With decades of service providing food “from the stable to the table,” Charles Quality Meats is a proud farming tradition here in Waterloo Region.
A family-owned and operated abattoir and processing facility in St. Agatha since 1978, their bustling meat counter at the St. Jacobs Farmers’ Market is always packed with farm fresh cuts of meat including beef, pork, goat, rabbit, turkey, goose, duck and lamb.
I’ve always had a keen interest in animal welfare science, and appreciate Charles Quality Meats’ chemical-free, hormone-free, and drug-free approach to raising livestock.
That’s why I jumped at the opportunity to take a guided tour of their farm on Wilby Road one recent sunny afternoon, curious to learn about the history and family philosophy of Charles Quality Meats.
“We’re the only vendor at the market that has a kill floor,” said Tony LoBrutto, co-owner of Charles Quality Meats with his brothers Sam and Peter, along with their father and the company namesake, Charles.
“That’s very important for what we do, which is provide the highest-quality meats. Nobody else has that. It’s the only way we can honestly say our meat is chemical free, no one else has ever touched it and it has never left the house.”
Sam chimed in: “The reason we built it in 1989 was because we were bringing our livestock to other slaughterhouses and not getting our carcasses back, they were getting switched, so we decided to build a slaughterhouse of our own, which allows us to have the highest quality control.”
Standing on the kill floor with Sam, Tony, and Peter, they shed some light on the Ministry of Agriculture and Food requirements they must strictly meet, and how meat inspectors are always present when animals are slaughtered and processed.
“We actually exceed the Ministry’s requirements,” said Sam. “For example, we use a non-rinse sanitizer, and then we go and rinse our cutting tables again with water to ensure there is absolutely no bacteria. We feed our own families the meat we process.”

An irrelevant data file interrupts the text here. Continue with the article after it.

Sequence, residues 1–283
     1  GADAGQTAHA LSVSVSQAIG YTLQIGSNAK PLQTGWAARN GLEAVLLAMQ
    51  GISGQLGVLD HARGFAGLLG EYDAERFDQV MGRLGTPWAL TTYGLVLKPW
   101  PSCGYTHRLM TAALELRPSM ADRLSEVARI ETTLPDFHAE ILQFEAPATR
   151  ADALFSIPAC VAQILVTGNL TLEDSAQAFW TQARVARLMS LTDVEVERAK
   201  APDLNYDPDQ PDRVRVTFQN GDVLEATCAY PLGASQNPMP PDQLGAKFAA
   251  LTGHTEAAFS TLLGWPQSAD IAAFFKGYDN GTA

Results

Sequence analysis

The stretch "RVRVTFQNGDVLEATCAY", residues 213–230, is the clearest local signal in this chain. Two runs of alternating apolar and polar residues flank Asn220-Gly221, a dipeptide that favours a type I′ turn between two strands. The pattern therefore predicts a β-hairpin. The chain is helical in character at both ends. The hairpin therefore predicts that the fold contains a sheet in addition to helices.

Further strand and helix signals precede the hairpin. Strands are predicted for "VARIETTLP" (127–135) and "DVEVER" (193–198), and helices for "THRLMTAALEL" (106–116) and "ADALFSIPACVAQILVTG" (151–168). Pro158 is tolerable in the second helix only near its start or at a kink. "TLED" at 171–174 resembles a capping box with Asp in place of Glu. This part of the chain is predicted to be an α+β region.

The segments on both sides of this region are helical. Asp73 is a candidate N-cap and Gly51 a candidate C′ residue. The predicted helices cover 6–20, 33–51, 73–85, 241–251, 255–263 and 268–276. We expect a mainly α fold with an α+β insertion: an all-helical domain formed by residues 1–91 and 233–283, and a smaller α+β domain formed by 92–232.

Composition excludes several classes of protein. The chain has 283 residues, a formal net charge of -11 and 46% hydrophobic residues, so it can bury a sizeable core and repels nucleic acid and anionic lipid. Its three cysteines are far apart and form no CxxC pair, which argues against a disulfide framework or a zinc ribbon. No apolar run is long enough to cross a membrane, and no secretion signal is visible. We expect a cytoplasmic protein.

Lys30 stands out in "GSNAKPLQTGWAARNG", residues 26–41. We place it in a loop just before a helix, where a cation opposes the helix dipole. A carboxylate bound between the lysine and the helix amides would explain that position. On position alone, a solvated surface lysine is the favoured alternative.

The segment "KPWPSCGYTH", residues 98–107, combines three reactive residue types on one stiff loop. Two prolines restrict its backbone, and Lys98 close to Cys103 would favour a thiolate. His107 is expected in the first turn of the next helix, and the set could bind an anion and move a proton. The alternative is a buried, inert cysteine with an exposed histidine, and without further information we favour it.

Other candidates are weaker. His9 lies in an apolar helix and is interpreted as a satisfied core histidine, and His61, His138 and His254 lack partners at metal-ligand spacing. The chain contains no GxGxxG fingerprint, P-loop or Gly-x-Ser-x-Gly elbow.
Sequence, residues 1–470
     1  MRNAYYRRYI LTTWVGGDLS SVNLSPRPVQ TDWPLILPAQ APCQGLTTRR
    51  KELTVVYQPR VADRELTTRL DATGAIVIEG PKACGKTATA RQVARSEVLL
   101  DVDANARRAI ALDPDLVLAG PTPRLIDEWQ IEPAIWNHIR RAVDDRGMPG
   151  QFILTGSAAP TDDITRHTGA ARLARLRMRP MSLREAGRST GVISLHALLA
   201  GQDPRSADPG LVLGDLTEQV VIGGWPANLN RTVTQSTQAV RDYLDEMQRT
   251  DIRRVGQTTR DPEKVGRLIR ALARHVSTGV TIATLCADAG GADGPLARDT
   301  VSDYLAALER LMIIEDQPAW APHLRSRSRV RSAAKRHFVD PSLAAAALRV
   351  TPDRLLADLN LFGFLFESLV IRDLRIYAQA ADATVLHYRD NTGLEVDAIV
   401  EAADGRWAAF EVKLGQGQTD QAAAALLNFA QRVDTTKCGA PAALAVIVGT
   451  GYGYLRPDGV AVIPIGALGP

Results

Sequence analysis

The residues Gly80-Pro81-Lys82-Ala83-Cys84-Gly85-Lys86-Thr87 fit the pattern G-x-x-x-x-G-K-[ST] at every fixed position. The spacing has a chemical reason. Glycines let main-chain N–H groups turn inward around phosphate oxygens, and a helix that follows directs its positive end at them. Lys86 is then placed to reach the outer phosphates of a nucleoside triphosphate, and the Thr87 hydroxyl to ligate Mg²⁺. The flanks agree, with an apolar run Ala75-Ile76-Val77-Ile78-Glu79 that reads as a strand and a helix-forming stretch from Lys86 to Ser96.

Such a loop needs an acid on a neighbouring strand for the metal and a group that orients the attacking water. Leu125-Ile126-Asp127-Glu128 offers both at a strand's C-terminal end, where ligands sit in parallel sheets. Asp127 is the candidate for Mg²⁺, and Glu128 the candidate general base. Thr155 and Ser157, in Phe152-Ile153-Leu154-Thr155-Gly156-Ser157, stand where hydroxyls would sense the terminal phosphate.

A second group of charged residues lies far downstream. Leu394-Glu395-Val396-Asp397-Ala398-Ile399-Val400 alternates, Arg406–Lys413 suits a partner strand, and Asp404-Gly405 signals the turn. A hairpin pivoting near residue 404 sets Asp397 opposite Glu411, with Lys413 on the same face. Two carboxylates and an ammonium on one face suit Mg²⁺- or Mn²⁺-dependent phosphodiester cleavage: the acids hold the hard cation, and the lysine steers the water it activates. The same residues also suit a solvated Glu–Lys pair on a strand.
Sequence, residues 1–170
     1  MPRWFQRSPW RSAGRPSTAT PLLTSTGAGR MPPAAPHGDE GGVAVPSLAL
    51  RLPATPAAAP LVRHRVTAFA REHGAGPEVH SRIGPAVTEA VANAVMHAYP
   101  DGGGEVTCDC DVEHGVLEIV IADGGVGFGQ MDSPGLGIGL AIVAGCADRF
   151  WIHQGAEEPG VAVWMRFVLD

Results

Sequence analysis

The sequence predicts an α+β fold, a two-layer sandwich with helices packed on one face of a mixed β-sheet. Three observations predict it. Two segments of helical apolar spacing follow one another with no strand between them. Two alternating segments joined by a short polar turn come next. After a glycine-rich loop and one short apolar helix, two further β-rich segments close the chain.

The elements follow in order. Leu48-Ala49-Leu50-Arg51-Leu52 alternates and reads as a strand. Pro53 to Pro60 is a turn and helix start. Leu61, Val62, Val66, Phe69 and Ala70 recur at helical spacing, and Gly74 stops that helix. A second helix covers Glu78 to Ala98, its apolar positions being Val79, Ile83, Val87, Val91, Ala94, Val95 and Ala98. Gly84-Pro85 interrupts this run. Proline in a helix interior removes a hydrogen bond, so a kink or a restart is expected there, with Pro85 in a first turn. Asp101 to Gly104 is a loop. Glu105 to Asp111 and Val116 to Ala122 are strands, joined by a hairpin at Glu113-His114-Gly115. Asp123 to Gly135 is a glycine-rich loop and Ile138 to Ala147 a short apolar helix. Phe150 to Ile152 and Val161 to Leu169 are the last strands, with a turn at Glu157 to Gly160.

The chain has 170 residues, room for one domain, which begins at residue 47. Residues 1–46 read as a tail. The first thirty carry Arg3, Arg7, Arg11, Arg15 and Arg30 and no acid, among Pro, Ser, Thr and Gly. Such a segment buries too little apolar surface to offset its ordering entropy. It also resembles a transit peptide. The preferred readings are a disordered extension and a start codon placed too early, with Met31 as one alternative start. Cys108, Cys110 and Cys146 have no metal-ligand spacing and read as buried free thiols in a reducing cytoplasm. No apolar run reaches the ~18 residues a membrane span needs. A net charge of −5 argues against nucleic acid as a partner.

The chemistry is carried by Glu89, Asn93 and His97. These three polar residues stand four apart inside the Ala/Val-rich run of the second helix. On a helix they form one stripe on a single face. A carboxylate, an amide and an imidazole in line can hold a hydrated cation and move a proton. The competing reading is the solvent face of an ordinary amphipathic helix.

Our next stop on the tour was the walk-in freezer filled with lamb and full sides of beef.
“Breaking down sides is tough, hard work, and I think most people don’t realize the extent we go to preparing meat for the market,” said Sam, who then introduced me to their 84-year-old father, Charles, who was born and raised in Sicily.
“I’m the boss,” said Charles, greeting me with a firm handshake.
“Actually, our mom’s the boss,” said Sam, which drew chuckles and nods of agreement from the rest of the family.
Peter, who is in charge of livestock and works closely with his father, told me how their father immigrated to Canada in 1962.
“He was a shepherd back in Sicily, and he had incredible skills with animals since childhood and showed the three of us how to raise them,” said Peter.
“He was on a train going from Montreal to Winnipeg and he got tired of the long train ride, so he got off in New Hamburg in the middle of the night, only able to speak Italian and German. He liked it here so he set up home, went back to Sicily and met our mom, then came back here with our mom, then all my aunts and uncles came over.”
Charles shared how proud he is to have been a part of this community for the past four decades, raising his family, building relationships with customers and making many friends along the way.
“I still work and I have a customer who has been coming to the market for 42 years,” said Charles. “They have 12 kids, and now all of the kids are coming.”
Sam, Tony and Peter all credited their father with teaching them the importance of friendly and efficient customer service at the St. Jacobs Farmers’ Market.
“He taught us that we’re feeding families and how important it is to make great connections with our customers and for them to trust us,” said Sam.
Charles added that, when his boys were young, he told them to never chew gum, and always greet customers with a friendly stance (no crossed arms) behind the counter.
Peter recalls when he first started working at the market, at just six years old, he was in charge of opening bags because he couldn’t see over the counter.
As we walked to the barnyard, the brothers told me about the prominent breed of cattle they process — Limousine, with a mix of Angus and Charolais.